A very classic, easy, gingerbread recipe that simply substitutes the eggs with pig’s blood. Fast to make and delicious, it’s a good way to spice a little your Christmas Eve dinner. The blood gives the cookies a beautiful dark color and a subtle animal tinge.
Sanguinaccio Dolce is a traditional Italian dessert from Naples, usually served during the festivities of Carnevale. This rich, dulcet pudding is customarily made from pig’s blood, milk, chocolate, and sweetened with a bit of sugar, though other ingredients occasionally appear, such as dried fruit and nuts.
It is quite different in that it does not use raw blood as a base, but blood sausage stuffing, or blood pudding. (that you purchased or made yourself, we’ll be posting a recipe for blood sausage soon.)
In any case, this was quite a find. This terrine is wonderfully creamy, while firm, and packed full of flavor. It makes a wonderful breakfast or a lovely appetizer.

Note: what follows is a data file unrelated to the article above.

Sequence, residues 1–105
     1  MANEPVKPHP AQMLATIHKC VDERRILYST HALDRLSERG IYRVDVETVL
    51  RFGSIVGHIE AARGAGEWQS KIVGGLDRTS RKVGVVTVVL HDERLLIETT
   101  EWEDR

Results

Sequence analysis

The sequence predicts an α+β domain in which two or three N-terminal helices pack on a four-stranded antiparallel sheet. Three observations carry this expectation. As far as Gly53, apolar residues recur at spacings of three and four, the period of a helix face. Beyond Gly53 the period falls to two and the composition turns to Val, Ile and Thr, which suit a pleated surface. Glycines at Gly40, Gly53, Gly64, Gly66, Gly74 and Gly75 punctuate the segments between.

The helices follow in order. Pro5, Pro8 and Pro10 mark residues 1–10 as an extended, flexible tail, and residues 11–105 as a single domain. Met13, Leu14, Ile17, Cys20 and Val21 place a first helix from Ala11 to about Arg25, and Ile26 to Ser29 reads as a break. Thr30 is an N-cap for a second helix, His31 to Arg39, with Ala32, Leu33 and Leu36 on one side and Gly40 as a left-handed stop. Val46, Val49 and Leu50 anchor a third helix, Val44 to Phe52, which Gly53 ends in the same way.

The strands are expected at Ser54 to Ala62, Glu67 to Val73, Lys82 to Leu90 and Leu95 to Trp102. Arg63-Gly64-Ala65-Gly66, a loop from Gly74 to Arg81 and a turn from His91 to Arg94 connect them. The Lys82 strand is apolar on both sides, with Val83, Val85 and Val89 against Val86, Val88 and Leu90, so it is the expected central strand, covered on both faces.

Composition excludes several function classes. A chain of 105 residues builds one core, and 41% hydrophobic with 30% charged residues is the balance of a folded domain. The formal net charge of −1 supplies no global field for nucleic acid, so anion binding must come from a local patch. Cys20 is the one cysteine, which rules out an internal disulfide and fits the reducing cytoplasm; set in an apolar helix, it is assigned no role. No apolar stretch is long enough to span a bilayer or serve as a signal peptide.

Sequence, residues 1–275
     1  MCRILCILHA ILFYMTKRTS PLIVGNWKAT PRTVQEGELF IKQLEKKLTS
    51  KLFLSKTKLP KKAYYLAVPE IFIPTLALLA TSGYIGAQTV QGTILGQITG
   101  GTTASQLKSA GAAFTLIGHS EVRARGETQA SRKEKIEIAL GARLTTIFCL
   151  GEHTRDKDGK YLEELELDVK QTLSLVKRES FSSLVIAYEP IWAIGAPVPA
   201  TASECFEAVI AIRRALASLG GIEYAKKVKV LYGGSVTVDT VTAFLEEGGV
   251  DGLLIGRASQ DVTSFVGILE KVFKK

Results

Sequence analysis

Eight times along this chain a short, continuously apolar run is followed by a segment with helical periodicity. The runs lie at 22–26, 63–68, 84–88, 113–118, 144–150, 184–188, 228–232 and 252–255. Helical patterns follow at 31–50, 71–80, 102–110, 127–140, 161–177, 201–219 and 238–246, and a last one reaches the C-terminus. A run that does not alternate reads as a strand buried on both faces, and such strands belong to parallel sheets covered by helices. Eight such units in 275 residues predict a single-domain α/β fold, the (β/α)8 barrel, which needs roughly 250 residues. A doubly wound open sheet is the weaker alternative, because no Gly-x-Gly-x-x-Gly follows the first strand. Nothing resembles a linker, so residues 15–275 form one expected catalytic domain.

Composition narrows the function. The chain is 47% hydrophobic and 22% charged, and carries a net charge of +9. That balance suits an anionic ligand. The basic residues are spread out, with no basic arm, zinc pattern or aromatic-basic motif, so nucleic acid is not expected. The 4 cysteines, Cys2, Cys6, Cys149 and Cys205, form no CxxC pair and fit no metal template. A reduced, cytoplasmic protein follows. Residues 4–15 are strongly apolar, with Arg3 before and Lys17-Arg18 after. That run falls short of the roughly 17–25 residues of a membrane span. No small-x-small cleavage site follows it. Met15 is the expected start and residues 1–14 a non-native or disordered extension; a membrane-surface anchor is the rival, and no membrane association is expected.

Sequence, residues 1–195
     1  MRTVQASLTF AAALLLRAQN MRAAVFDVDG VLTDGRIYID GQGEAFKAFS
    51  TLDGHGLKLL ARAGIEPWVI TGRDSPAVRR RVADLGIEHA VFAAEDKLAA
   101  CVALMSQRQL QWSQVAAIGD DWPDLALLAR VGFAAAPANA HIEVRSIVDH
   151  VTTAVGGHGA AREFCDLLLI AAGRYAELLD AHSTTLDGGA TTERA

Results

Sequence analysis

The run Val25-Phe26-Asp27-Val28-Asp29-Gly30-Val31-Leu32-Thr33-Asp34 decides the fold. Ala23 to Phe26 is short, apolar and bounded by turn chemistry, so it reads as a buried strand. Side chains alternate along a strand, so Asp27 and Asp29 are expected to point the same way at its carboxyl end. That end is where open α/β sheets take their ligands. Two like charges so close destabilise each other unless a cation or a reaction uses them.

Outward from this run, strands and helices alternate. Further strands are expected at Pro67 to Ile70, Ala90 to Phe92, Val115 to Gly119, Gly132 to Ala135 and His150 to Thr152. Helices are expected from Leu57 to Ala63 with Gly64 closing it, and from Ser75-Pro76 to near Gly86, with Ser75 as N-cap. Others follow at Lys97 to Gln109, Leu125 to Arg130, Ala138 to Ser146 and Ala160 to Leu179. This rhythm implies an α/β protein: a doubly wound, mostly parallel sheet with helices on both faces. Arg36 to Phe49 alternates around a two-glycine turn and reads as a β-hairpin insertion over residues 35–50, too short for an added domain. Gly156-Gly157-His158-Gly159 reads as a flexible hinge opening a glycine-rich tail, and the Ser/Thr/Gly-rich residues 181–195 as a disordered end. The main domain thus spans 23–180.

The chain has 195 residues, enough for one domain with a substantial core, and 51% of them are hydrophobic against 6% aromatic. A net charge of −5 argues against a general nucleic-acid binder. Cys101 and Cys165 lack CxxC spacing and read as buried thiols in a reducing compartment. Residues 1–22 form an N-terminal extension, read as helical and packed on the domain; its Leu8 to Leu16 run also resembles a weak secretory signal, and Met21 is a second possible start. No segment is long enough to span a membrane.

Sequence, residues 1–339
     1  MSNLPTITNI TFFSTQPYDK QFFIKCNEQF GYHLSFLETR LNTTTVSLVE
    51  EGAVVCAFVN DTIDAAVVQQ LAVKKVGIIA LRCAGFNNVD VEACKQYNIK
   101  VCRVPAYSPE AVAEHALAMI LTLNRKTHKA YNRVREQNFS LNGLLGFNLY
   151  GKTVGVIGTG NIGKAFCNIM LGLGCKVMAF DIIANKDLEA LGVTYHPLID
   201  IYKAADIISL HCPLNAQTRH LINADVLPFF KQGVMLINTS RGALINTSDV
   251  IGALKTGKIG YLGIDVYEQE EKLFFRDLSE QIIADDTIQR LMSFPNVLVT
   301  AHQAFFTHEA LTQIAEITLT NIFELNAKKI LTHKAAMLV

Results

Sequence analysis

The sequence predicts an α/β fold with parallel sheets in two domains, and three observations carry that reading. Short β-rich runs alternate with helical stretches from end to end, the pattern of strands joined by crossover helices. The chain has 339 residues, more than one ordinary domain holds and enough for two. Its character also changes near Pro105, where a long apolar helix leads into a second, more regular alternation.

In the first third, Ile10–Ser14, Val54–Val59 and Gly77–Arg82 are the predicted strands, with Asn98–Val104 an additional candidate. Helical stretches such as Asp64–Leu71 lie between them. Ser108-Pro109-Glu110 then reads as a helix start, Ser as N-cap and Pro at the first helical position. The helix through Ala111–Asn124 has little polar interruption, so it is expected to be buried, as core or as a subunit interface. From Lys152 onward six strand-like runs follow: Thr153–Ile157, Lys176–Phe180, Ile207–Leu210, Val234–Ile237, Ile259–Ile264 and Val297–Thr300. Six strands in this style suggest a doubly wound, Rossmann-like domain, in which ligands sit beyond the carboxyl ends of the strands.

Putting blood in bread isn’t something new, both Sweden and Finland keep that tradition alive with the traditional rye blood bread (verileipä in Finland), which is even generally available commercially.
What I am proposing here is slightly different. It’s a recipe with lower blood content, for very versatile, airy and moderately sweet pig’s blood brioche buns, (as opposed to rather dense, blood packed rye bread), that can be enjoyed on their own, toasted with a little salted butter, in soups, or even as burger buns.
This is a recipe I have a attempted a couple of times with various levels of success.
The plus : It is deliciously bloody! Half this recipe is simply fresh blood. It is also quite easy to put together.
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Surprisingly, this sweet treat, and not the classic savory black pudding, is the very first blood-based dish I made, and it remains a favorite of mine. It is surprisingly complex and flavorful with a strong cinnamon hit.
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